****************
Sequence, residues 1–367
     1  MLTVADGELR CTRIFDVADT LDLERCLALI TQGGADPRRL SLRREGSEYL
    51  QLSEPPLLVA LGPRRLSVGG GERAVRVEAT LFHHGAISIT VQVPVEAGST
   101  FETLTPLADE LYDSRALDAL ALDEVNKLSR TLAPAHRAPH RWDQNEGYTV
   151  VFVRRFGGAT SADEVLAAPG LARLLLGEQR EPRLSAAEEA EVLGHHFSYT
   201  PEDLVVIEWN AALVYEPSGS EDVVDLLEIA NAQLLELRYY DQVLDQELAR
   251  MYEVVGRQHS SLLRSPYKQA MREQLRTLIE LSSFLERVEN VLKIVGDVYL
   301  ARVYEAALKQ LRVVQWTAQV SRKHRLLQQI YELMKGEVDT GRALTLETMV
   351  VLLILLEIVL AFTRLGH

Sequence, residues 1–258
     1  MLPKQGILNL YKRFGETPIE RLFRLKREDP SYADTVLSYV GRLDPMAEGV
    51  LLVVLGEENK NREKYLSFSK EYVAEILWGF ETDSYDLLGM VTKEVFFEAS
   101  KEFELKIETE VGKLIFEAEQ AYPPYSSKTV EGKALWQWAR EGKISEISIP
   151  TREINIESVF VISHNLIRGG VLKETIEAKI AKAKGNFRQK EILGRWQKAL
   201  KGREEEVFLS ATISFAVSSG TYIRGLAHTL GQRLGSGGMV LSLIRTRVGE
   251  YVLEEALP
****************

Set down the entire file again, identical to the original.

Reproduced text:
Sequence, residues 1–367
     1  MLTVADGELR CTRIFDVADT LDLERCLALI TQGGADPRRL SLRREGSEYL
    51  QLSEPPLLVA LGPRRLSVGG GERAVRVEAT LFHHGAISIT VQVPVEAGST
   101  FETLTPLADE LYDSRALDAL ALDEVNKLSR TLAPAHRAPH RWDQNEGYTV
   151  VFVRRFGGAT SADEVLAAPG LARLLLGEQR EPRLSAAEEA EVLGHHFSYT
   201  PEDLVVIEWN AALVYEPSGS EDVVDLLEIA NAQLLELRYY DQVLDQELAR
   251  MYEVVGRQHS SLLRSPYKQA MREQLRTLIE LSSFLERVEN VLKIVGDVYL
   301  ARVYEAALKQ LRVVQWTAQV SRKHRLLQQI YELMKGEVDT GRALTLETMV
   351  VLLILLEIVL AFTRLGH

Sequence, residues 1–258
     1  MLPKQGILNL YKRFGETPIE RLFRLKREDP SYADTVLSYV GRLDPMAEGV
    51  LLVVLGEENK NREKYLSFSK EYVAEILWGF ETDSYDLLGM VTKEVFFEAS
   101  KEFELKIETE VGKLIFEAEQ AYPPYSSKTV EGKALWQWAR EGKISEISIP
   151  TREINIESVF VISHNLIRGG VLKETIEAKI AKAKGNFRQK EILGRWQKAL
   201  KGREEEVFLS ATISFAVSSG TYIRGLAHTL GQRLGSGGMV LSLIRTRVGE
   251  YVLEEALP